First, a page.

They may be talking about a possible, last minute Huntsman surge up in New Hampshire, but it would appear that his fortunes may not be on the rise in South Carolina. It would be understandable for the former Ambassador to China to struggle when competing against noted conservative candidates such as Santorum in this race, but he’s apparently also losing to… Stephen Colbert, who isn’t even on the ballot.
Stephen Colbert wanted to sponsor the South Carolina Republican primary. He wanted his name on the ballot and he wanted a referendum about whether corporations are people or only people are people. He was rebuffed in his efforts but our team at PPP decided if he couldn’t get all that stuff on the actual ballot, we could at least poll it for him. Here’s what we found:
-5% of primary voters would pick Colbert. He runs behind Mitt Romney’s 27%, Newt Gingrich’s 23%, Rick Santorum’s 18%, Ron Paul’s 8%, and Rick Perry’s 7%. But’s he beating out Jon Huntsman’s 4% and Buddy Roemer’s 1%.
Even if Huntsman finishes second in New Hampshire tonight it doesn’t speak well for his prospects down the line that he’s running behind Stephen Colbert.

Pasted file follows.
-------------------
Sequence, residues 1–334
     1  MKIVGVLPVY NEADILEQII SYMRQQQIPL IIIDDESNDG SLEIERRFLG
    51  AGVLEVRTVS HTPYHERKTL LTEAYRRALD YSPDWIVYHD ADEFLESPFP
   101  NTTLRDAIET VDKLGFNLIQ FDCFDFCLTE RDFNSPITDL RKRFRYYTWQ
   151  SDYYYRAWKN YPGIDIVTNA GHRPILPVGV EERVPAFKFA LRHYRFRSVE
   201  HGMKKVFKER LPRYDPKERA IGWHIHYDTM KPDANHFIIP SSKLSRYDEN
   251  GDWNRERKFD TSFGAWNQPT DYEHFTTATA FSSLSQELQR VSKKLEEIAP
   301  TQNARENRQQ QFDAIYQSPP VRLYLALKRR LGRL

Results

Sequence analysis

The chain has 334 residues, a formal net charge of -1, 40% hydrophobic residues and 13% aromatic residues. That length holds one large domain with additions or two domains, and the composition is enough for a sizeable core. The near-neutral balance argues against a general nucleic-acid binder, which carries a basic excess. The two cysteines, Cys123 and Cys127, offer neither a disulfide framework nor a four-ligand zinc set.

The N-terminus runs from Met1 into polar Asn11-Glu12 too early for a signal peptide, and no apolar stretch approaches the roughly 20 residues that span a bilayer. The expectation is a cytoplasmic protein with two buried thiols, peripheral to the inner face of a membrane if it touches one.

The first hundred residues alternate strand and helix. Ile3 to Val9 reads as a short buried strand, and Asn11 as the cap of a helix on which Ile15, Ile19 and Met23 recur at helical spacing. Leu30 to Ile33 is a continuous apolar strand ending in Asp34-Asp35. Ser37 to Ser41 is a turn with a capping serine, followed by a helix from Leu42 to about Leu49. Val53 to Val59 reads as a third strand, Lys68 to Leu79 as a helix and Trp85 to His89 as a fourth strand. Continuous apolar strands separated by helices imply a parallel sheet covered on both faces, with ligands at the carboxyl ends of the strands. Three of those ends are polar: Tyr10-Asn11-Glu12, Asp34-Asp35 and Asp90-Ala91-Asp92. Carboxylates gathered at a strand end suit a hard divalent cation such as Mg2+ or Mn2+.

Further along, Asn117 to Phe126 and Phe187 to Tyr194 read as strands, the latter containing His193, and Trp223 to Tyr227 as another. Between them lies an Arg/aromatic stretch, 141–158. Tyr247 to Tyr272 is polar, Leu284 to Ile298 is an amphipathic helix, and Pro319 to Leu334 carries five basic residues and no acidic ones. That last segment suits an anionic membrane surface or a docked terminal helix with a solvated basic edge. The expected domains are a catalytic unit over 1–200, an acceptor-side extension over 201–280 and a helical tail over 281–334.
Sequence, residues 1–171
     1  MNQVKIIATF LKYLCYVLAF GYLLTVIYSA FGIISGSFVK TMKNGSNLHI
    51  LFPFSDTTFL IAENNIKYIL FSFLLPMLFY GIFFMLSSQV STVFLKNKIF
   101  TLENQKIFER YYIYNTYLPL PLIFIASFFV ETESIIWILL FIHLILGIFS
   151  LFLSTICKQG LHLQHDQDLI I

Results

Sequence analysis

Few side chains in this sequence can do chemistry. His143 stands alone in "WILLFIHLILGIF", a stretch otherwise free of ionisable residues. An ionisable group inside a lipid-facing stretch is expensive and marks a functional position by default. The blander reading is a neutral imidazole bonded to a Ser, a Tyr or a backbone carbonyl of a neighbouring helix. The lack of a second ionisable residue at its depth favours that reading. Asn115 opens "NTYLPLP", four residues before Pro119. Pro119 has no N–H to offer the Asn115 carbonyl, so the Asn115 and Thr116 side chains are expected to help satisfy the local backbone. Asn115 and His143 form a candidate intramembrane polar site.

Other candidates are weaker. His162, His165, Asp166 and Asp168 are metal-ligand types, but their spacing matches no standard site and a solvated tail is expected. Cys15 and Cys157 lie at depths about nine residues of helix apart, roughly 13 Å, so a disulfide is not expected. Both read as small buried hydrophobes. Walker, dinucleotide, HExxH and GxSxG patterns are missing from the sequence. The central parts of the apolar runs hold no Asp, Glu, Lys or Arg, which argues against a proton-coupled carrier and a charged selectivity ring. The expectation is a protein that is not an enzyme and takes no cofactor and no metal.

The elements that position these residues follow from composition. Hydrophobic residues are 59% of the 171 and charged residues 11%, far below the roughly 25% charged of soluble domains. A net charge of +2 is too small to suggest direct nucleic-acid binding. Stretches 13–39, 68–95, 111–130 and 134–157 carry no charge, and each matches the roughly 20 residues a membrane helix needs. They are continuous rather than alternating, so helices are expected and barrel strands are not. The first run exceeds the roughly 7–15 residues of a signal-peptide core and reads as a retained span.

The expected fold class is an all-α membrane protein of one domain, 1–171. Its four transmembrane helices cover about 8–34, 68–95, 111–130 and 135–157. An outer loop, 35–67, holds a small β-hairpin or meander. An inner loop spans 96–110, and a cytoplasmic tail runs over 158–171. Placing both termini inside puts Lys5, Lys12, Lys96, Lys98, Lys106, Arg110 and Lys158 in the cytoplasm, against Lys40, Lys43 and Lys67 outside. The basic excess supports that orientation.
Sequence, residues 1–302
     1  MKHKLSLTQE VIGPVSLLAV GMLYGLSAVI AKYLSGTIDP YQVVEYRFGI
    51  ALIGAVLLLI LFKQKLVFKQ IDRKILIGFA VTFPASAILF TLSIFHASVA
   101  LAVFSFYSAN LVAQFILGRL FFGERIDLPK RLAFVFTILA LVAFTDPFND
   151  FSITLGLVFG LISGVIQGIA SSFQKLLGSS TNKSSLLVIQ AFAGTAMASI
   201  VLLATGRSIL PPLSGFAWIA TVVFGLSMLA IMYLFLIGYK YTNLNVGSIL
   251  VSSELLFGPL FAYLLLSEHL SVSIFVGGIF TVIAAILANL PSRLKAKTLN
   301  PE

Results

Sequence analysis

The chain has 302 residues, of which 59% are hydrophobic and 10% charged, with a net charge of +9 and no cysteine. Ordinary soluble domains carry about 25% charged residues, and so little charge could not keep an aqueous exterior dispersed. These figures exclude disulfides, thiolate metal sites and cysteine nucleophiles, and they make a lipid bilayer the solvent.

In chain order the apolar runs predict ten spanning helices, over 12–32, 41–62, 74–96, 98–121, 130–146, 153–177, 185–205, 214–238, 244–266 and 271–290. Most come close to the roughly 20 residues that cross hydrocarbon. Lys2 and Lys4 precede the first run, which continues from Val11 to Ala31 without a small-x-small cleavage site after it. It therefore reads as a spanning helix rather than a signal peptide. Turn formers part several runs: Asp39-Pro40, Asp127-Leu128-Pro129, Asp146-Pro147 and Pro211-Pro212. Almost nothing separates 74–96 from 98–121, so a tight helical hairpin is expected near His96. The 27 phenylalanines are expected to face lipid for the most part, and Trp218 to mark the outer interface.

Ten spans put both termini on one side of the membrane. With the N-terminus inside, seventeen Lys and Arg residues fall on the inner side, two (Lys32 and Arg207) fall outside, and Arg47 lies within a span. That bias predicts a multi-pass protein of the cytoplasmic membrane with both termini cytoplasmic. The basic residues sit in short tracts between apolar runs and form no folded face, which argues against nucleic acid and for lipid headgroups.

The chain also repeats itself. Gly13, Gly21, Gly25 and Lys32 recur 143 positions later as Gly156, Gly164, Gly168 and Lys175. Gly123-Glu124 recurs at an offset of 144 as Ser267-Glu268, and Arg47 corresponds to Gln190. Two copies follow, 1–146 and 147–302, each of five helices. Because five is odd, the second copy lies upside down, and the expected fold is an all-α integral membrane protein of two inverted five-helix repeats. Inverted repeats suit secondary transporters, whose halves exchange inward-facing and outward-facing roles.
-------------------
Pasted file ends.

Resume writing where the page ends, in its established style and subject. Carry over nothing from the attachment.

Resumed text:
Colbert actually did try to run for president in 2008, but only in his home state. This time the story was a bit more convoluted. The comedian wasn’t trying to get on the ballot as a candidate. He wanted his name on the ballot, offering the cash strapped state GOP a half million dollars to help pay for the cost of the election if they would rename the event, “The Colbert Super PAC South Carolina Republican Primary.” And for a while it almost looked like it might happen, except he also wanted a referendum question added to the ballot, asking voters if they thought corporations were people, or if only people were people.
The deal fell apart, but as PPP indicates, he may have highlighted a warning sign for Mitt Romney down there.
While Colbert’s prospects for actually winning in South Carolina may have been limited, he would have found support on his proposed referendum. Just 33% of likely voters think that ‘corporations are people’ compared to 67% who think that ‘only people are people.’ Supporters of every Republican candidate believe that ‘only people are people,’ even 66% of Mitt Romney’s whose comments inspired this debate in the first place.
Fortunately, with Colbert off the ballot, Huntsman may find room to expand his appeal and move into the high single digits by next week.